Hives, also known as urticaria, are an itchy, swollen pale red form of skin rash. While they sometimes form as a result of an allergic reaction or a physical irritation, the causes of urticaria are not always clear. However, there may be some risk factors for developing hives, including:
One of the most common risk factors for hives is an allergic reaction. An allergy to just about anything can cause urticaria, such as:
- Food allergies, most commonly nuts, dairy, eggs, berries, chocolate and shellfish, but also to food additives
- Allergies to cleaning products, such as soaps and shampoos
- Allergies to medications and vitamins
Sitting for long periods, wearing tight clothing and repeatedly rubbing items such as belts against your body can also cause hives. These physical urticaria often disappear after a few hours.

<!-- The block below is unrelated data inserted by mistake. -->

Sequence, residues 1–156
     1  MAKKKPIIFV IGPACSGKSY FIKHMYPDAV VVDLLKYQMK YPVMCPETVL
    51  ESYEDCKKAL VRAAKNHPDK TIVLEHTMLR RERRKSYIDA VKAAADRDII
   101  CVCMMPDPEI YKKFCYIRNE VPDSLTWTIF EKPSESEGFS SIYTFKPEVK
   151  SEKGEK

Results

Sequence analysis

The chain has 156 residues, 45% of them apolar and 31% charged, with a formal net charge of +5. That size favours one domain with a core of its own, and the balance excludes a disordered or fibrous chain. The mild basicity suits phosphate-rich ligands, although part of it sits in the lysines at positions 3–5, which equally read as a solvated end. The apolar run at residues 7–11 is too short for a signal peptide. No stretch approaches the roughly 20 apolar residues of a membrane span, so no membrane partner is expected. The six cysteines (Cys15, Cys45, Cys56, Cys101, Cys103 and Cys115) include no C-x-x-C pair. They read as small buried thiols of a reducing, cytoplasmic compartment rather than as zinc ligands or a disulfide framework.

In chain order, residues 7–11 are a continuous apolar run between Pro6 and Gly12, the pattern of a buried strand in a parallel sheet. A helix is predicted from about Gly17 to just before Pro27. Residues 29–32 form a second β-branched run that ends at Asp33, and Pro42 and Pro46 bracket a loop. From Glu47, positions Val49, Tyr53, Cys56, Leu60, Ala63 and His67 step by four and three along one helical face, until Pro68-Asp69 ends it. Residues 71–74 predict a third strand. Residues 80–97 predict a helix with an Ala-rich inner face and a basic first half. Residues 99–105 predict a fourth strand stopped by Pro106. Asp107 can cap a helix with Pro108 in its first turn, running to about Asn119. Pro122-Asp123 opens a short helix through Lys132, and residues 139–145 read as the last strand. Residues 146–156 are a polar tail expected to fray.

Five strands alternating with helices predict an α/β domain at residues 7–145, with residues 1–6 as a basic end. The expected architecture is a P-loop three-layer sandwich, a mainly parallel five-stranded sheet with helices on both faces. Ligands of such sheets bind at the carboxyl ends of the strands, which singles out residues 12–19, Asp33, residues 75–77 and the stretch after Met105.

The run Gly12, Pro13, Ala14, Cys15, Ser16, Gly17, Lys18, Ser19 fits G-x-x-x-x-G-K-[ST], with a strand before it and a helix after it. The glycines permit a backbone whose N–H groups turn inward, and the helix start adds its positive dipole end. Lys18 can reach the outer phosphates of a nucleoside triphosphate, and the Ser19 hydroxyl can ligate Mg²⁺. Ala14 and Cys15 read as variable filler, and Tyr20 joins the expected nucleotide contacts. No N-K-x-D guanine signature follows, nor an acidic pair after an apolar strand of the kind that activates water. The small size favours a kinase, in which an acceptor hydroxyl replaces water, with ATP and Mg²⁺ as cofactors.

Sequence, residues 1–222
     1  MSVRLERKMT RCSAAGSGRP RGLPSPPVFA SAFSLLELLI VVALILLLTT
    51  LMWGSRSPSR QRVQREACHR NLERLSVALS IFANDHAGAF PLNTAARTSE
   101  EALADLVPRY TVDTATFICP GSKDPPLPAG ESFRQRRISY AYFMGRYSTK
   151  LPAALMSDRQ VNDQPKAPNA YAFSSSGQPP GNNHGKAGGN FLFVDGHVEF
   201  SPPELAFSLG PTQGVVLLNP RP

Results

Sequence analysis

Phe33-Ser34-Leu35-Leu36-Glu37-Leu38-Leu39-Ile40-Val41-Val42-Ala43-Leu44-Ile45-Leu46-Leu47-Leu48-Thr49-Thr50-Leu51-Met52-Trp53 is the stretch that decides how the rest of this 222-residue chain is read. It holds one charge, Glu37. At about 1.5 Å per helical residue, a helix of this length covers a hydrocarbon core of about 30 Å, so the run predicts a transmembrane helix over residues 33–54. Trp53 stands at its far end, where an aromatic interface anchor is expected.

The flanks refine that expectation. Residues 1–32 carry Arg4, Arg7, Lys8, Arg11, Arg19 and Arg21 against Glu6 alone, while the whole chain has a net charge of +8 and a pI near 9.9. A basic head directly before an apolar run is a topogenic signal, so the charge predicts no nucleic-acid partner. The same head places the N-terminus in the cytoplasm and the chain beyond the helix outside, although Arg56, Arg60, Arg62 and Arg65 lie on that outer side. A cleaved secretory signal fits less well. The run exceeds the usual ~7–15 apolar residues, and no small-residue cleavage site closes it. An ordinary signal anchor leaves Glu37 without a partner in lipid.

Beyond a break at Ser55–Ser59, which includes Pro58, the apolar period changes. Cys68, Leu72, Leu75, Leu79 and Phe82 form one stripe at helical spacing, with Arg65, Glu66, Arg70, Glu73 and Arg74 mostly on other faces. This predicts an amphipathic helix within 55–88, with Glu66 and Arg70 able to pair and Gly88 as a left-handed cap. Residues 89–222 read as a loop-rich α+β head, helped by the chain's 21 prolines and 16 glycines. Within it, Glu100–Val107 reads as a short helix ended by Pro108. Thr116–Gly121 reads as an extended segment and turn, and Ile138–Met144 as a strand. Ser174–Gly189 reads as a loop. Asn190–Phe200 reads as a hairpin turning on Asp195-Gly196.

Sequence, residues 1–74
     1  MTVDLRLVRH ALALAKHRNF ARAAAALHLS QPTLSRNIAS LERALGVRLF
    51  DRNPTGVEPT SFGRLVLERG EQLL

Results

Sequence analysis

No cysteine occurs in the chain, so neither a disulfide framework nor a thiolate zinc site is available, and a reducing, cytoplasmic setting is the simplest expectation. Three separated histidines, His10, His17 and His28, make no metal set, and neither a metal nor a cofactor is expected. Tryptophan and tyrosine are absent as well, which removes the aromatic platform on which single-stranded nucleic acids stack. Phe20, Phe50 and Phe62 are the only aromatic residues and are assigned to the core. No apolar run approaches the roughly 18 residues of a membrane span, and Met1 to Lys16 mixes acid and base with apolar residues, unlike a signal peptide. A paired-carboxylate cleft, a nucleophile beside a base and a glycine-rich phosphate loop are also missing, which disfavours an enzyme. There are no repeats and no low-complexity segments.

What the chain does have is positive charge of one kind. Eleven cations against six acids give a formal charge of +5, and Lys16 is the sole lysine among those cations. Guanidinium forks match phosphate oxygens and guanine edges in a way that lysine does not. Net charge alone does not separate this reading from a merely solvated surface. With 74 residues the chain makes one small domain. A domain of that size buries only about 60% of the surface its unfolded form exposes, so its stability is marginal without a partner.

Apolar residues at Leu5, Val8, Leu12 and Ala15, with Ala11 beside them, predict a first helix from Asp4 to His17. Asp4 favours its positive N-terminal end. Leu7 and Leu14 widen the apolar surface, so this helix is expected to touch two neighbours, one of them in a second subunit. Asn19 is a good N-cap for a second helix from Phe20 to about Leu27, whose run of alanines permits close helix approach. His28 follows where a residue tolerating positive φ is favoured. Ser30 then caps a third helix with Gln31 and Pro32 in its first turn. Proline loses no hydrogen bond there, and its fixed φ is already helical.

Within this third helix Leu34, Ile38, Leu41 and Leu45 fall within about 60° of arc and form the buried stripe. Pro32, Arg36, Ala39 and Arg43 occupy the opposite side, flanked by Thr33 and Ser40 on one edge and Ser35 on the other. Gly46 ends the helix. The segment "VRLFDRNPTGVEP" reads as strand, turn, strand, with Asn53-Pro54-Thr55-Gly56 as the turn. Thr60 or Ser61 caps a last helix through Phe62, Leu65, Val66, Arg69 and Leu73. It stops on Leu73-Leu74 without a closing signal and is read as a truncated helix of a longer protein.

Sometimes being overly stressed can cause you to break out into urticaria, especially if you're prone to the condition.
Infections and Illnesses
Suffering from infections and illnesses can also make you break out into urticaria. Even just the common cold or an insect bite can cause your skin to overreact and inflame.
Another risk factor for developing hives is simply youth. Teenagers and young adults are more likely to suffer from physical urticaria, which can sometimes appear for no discernible reason. They tend to occur about fifteen minutes after exercise or when bathing and will dissipate within a few hours.
If you believe that you have hives, you should make an appointment with your physician or dermatologist to determine the cause of your urticaria outbreak. If the cause cannot be determined, you may have to accept that you can treat, but not necessarily prevent, the condition.